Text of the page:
# Too big (?) histogram values when using normed histo options in SciPy and matplotlib

I have been trying to create a normed histogram using either SciPy or matplotlib (or anything for Python). When I create my histogram with 'normed' option disabled, it looks like below (this example is for 10 bins, but the same happens for a larger number of bins): (The first number represents the start of a bin, the second the bin's height)

-2.83785600931e-17   1182
5.6688145554e-15   1137
1.13660076709e-14   1031
1.70632007864e-14   950
2.27603939019e-14   912
2.84575870174e-14   802
3.41547801329e-14   853
3.98519732484e-14   948
4.55491663639e-14   1315
5.12463594794e-14   870


Which is absolutely fine, and what I was expecting. However, I later need to fit this histogram to another histogram, and for that I prefer to have a normed version of this histogram so that fitting the height of those histograms is easier.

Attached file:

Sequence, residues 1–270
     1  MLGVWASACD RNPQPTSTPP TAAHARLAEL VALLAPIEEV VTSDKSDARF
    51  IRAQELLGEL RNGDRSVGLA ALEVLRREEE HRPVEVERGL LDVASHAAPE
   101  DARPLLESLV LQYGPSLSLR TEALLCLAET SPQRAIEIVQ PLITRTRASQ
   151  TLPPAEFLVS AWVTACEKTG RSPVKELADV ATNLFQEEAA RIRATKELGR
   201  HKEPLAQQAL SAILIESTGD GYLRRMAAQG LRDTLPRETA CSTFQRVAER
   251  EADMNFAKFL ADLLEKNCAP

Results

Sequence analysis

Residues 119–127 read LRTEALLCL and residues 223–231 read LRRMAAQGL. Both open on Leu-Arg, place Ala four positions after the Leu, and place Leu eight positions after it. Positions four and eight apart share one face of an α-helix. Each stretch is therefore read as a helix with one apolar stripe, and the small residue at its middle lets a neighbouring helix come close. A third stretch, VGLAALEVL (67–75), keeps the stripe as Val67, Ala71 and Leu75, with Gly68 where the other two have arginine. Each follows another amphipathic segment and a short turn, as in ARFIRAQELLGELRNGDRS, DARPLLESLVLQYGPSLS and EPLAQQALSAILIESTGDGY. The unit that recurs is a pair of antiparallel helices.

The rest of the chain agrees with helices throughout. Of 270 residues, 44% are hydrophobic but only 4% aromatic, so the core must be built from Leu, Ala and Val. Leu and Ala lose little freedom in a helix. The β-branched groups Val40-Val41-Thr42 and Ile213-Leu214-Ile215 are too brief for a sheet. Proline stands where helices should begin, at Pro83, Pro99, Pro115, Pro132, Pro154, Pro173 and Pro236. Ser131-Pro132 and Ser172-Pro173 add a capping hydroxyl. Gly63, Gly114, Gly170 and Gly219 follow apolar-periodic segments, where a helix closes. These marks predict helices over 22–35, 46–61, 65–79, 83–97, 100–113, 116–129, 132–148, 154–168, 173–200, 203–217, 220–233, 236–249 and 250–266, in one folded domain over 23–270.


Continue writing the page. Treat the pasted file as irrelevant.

Strangely, when I use the option density=True (for scipy.histogram version) or normed=True (for matplotlib.pyplot.plt version) my histogram bin heights get very large values, like below:

-1.44880082614e-17   2.00318764844e+13
5.71138595513e-15   1.98921598219e+13
1.14372599185e-14   1.8040914044e+13
1.71631338819e-14   1.52465807942e+13
2.28890078453e-14   1.56133370332e+13
2.86148818087e-14   1.4617855813e+13
3.43407557721e-14   1.50020766348e+13
4.00666297355e-14   1.74296536456e+13
4.57925036989e-14   2.3769297206e+13
5.15183776622e-14   1.50020766348e+13


I hardly know anything about statistics, but I expected "normed" to mean "sums up to one". Am I incorrect in my thinking, or is the output normalized histogram wrong after all?

• Ok I got the answer from elsewhere. In this context normed means the integral over the histogram is equal to 1. – Natalia Zoń May 3 '14 at 22:24